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China's high saving rate: myth and reality

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  • Guonan Ma
  • Wang Yi

Abstract

The saving rate of China is high from many perspectives - historical experience, international standards and the predictions of economic models. Furthermore, the average saving rate has been rising over time, with much of the increase taking place in the 2000s, so that the aggregate marginal propensity to save exceeds 50%. What really sets China apart from the rest of the world is that the rising aggregate saving has reflected high savings rates in all three sectors - corporate, household and government. Moreover, adjusting for inflation alters interpretations of the time path of the propensity to save in the three sectors. Our evidence casts doubt on the proposition that distortions and subsidies account for China's rising corporate profits and high saving rate. Instead, we argue that tough corporate restructuring (including pension and home ownership reforms), a marked Lewis-model transformation process (where the average wage exceeds the marginal product of labour in the subsistence sector) and rapid ageing process have all played more important roles. While such structural factors suggest that the Chinese saving rate will peak in the medium term, policies for job creation and a stronger social safety net would assist the transition to more balanced domestic demand.

Suggested Citation

  • Guonan Ma & Wang Yi, 2010. "China's high saving rate: myth and reality," BIS Working Papers 312, Bank for International Settlements.
  • Handle: RePEc:bis:biswps:312
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    References listed on IDEAS

    as
    1. Yin-Wong Cheung & Menzie D. Chinn & Eiji Fujii, 2010. "China's Current Account and Exchange Rate," NBER Chapters,in: China's Growing Role in World Trade, pages 231-271 National Bureau of Economic Research, Inc.
    2. Zheng Song & Kjetil Storesletten & Fabrizio Zilibotti, 2011. "Growing Like China," American Economic Review, American Economic Association, vol. 101(1), pages 196-233, February.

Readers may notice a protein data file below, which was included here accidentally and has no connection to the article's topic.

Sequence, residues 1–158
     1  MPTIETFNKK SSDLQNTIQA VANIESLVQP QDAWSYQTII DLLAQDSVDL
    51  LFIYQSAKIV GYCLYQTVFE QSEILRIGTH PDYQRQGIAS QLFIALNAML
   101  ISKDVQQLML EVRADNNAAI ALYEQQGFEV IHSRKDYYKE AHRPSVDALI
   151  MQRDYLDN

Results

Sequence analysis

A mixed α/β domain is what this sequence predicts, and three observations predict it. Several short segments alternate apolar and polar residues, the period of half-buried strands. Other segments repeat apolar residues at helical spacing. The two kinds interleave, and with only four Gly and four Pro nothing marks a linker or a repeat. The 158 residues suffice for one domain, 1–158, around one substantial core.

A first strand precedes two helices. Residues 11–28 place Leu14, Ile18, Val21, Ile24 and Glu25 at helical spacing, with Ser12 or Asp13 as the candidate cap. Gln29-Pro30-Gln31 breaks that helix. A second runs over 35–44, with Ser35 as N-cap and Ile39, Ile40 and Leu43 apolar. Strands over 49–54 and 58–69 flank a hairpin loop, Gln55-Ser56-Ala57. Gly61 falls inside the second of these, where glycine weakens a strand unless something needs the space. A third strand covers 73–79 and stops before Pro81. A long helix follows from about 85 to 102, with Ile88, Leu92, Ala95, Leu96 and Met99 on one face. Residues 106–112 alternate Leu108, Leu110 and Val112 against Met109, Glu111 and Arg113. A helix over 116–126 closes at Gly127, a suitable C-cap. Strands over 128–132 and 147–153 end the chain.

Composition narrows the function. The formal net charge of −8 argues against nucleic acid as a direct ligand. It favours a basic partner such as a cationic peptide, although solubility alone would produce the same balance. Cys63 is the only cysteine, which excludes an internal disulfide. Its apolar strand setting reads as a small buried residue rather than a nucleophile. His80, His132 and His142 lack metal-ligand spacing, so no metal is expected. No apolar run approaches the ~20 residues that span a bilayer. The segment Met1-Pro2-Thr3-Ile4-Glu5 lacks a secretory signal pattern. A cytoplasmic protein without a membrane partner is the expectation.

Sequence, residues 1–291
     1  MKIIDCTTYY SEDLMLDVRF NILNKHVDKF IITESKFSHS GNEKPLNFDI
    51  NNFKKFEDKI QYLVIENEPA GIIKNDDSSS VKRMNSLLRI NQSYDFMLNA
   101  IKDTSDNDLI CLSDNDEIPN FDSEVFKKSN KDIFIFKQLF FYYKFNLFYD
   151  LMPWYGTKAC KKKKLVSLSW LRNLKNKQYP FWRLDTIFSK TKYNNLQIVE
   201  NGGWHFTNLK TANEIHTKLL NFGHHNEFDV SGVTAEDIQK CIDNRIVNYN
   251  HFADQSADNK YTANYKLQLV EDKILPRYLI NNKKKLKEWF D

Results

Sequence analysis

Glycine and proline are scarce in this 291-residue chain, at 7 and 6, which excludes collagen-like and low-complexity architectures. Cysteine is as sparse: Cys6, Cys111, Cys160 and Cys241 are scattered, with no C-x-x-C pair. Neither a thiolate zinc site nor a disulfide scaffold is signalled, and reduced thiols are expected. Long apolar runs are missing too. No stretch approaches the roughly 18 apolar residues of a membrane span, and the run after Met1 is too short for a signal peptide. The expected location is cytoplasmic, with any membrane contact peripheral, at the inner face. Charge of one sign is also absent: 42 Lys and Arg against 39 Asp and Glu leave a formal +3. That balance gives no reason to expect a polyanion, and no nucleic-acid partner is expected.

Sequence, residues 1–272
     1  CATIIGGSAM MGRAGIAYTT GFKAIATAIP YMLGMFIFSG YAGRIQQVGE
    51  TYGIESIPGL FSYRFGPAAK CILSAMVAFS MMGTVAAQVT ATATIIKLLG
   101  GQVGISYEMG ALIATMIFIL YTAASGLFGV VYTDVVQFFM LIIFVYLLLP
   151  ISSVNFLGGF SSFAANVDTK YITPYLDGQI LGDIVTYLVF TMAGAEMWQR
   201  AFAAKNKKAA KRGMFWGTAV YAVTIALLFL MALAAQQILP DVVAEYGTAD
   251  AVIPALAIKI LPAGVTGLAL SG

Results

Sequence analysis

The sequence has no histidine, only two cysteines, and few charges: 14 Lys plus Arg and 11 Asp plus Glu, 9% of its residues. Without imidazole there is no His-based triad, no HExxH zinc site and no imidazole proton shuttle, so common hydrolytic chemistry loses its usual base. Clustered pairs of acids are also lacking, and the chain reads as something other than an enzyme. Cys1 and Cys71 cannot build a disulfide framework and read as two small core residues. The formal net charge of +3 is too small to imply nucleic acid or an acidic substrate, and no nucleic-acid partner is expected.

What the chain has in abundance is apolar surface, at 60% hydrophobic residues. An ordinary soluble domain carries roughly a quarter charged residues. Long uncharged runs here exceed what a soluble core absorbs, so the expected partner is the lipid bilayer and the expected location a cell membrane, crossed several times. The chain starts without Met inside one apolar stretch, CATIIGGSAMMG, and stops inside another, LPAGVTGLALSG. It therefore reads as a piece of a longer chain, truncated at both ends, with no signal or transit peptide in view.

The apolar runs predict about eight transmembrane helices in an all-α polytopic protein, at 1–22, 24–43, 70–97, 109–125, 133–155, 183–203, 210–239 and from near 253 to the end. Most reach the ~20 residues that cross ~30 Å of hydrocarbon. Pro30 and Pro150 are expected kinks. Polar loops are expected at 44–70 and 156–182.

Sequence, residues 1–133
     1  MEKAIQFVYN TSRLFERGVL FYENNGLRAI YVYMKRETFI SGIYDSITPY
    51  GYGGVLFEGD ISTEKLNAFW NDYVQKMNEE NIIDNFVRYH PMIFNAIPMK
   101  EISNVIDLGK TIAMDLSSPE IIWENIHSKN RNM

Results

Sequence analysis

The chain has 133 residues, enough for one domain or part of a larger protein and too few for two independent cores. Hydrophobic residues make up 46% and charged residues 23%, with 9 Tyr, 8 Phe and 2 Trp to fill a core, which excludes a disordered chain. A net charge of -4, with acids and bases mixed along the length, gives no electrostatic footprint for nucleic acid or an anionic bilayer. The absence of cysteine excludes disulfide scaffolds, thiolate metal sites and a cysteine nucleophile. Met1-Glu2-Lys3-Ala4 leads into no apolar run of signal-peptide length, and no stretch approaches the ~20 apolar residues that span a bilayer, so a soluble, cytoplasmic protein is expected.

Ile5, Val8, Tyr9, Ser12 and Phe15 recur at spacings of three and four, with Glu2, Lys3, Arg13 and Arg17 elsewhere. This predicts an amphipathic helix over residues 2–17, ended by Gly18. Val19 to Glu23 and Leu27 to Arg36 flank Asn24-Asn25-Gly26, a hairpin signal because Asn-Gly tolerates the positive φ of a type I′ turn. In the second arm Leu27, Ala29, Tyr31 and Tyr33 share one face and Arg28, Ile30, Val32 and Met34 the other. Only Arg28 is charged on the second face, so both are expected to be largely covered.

3. Feng, Jin & He, Lixin & Sato, Hiroshi, 2011. "Public pension and household saving: Evidence from urban China," Journal of Comparative Economics, Elsevier, vol. 39(4), pages 470-485.
    4. Richard Herd & Hu-Wei Hu & Vincent Koen, 2010. "Providing Greater Old-Age Security in China," OECD Economics Department Working Papers 750, OECD Publishing.
    5. Jha, Shikha & Prasad, Eswar & Terada-Hagiwara, Akiko, 2009. "Saving in Asia: Issues for Rebalancing Growth," ADB Economics Working Paper Series 162, Asian Development Bank.
    6. Felix Salditt & Peter Whiteford & Willem Adema, 2007. "Pension Reform in China: Progress and Prospects," OECD Social, Employment and Migration Working Papers 53, OECD Publishing.
    Full references (including those not matched with items on IDEAS)

    More about this item

    Keywords

    corporate; household and government saving; Chinese economy;

    JEL classification:

    • E20 - Macroeconomics and Monetary Economics - - Consumption, Saving, Production, Employment, and Investment - - - General (includes Measurement and Data)
    • E21 - Macroeconomics and Monetary Economics - - Consumption, Saving, Production, Employment, and Investment - - - Consumption; Saving; Wealth
    • O11 - Economic Development, Innovation, Technological Change, and Growth - - Economic Development - - - Macroeconomic Analyses of Economic Development
    • O16 - Economic Development, Innovation, Technological Change, and Growth - - Economic Development - - - Financial Markets; Saving and Capital Investment; Corporate Finance and Governance
    • O53 - Economic Development, Innovation, Technological Change, and Growth - - Economywide Country Studies - - - Asia including Middle East

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